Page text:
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Adding Clear Insulation to Decorative Glass Single Pane Windows

Barshfield's picture

I've got two door-sized exterior panels of single pane decorative glass (clear, but frosted with a deeply sculpted pattern from the 1960s). When the sun hits it, it is like a magnifying glass (sort of) and bakes us inside.  I am thinking of adding either plexiglass panels or shrink film on yhe inside to help insulate.  What do you all recommend?  Thanks, Mark

If the problem is sunlight (post #207793, reply #1 of 12)

If the problem is sunlight coming through then you need something reflective.


Of all the preposterous assumptions of humanity over humanity, nothing exceeds most of the criticisms made on the habits of the poor by the well-housed, well-warmed, and well-fed.  --Herman Melville

the light we like, the heat (post #207793, reply #2 of 12)

the light we like, the heat we don't. . . .

But the heat is from the (post #207793, reply #3 of 12)

But the heat is from the light.

(It probably won't hurt to experiment with shrink-wrap film.  It will be about as effective as a glass/plastic layer, just less durable (and cheaper/easier).  If it works to suit you then you can work on a more permanent fix.)


Of all the preposterous assumptions of humanity over humanity, nothing exceeds most of the criticisms made on the habits of the poor by the well-housed, well-warmed, and well-fed.  --Herman Melville

Neither of your choices will (post #207793, reply #4 of 12)

Neither of your choices will help your situation. You don't have many options. The big box store sell a framed glass panel lwith mini- blinds inside for about $150.00. This unit mounts on the inside of the door and the blinds will allow you to control how much sunlight gets through.

 

http://www.homedepot.com/p/ODL-22-in-w-x...

Florida Licensed Building Contractor, 40 years experience in commercial remodeling, new homes, home remodeling and repairs and all types building maintenance.

U need IR reflection.  1st (post #207793, reply #5 of 12)

U need IR reflection.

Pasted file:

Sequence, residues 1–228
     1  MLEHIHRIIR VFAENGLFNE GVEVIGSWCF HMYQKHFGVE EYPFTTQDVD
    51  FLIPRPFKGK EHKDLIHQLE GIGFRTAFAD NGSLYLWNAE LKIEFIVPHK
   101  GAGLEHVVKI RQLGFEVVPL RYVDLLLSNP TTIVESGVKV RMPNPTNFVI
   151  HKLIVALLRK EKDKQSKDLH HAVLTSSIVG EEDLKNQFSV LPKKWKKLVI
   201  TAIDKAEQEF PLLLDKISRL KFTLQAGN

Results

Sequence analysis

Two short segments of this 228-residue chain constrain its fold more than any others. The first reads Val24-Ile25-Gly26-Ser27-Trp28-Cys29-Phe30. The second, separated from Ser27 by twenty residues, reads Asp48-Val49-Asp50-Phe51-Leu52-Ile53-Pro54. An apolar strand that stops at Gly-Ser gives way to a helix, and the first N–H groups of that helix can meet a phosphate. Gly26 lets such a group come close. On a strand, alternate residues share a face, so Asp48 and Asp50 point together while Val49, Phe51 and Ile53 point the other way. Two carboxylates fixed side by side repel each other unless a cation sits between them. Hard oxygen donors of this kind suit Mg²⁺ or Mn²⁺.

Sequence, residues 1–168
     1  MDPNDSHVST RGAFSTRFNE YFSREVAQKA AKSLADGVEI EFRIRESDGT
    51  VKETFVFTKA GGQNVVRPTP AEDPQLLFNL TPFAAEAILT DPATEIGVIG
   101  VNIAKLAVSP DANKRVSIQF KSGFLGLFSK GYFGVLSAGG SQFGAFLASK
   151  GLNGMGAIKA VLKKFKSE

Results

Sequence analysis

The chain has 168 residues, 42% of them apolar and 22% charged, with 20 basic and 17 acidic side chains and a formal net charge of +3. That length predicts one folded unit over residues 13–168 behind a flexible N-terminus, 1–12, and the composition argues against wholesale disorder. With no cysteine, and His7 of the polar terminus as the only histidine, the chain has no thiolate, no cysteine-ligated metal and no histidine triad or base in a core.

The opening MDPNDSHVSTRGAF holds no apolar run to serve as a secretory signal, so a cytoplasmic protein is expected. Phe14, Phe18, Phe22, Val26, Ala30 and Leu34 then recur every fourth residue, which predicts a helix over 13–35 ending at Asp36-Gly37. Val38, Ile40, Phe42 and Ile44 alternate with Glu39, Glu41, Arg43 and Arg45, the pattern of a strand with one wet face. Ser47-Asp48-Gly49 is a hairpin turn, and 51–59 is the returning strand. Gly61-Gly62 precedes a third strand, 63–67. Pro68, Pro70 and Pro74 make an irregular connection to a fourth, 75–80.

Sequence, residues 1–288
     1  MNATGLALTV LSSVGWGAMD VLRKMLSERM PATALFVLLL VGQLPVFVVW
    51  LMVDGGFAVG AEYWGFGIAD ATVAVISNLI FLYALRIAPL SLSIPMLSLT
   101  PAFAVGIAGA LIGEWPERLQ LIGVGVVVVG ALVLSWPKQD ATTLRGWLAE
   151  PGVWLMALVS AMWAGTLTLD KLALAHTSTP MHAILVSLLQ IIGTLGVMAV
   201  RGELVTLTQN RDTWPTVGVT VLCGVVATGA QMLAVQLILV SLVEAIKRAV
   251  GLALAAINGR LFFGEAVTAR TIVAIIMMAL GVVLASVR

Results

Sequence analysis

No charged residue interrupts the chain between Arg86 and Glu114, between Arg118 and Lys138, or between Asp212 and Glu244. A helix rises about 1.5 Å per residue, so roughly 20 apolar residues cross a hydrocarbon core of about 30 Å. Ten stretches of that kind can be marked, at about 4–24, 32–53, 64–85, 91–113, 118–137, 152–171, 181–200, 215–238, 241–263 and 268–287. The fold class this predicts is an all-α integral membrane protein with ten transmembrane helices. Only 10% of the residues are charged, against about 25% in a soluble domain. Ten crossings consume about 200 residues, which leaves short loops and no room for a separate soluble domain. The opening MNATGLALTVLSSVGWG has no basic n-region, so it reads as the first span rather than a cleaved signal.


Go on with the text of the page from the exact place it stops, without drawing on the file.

1st google hit, not an add, this stuff is rpicey, I'd replace the entire window with insulated unit with Ar and reflective coating first.  Just something ot give you ideas about what to search for , eh

http://apex-window-film-store.com/store/product.php?productid=17579

Wait!!  You don't make your (post #207793, reply #6 of 12)

Wait!!  You don't make your own reflective glass??  Or use salvaged fighter jet canopies?


Of all the preposterous assumptions of humanity over humanity, nothing exceeds most of the criticisms made on the habits of the poor by the well-housed, well-warmed, and well-fed.  --Herman Melville

well, figured the OP did NOT (post #207793, reply #11 of 12)

well, figured the OP did NOT have a vacuum chamber big enough for his window and the pumps needed for e-4 vacuum. If OP does have such, then it is a very simple matter of sputtering some Al onto the surface, about 2 micron is a good thickness for IR

reflecting heat (post #207793, reply #7 of 12)

What you need is a mirror thin plastic film that is stuck to the glass and reflects most of the infrared radiation.

Be carefull with film (post #207793, reply #8 of 12)

Many window's warranty is voided if a film is applied, as the pane may crack owing to its movement being inhibited by the film. The bigger the pane, the greater the risk.

Can you put an awning over the door?

Good luck.

The configuration won't (post #207793, reply #9 of 12)

The configuration won't support an awning.  And these windows are original to the house (1960), so any warranty is long expired. 

So I'm thinking of a shrink film instead.  It's relatively cheap and, if it doesn't work, I can take it off.  No harm?

Be careful what you wish for. (post #207793, reply #10 of 12)

The single most reflective window film (I had to research this some years ago) is Mylar. Anybody looking into the window from outside will see what appears to be tin foil instead of transparent glass.

No harm? You may end up with a cracked pane.

 

Good luck.

Storm window (post #207793, reply #12 of 12)

I would look into having a single pane storm made, with a surface-4 low-e coating on it. Or, a double pane storm with a surface 2 coating. I don't think any of the film ideas are going to do much, although there are films that reduce solar heat gain dramatically if you can adhere them to the glass (need smooth glass for that).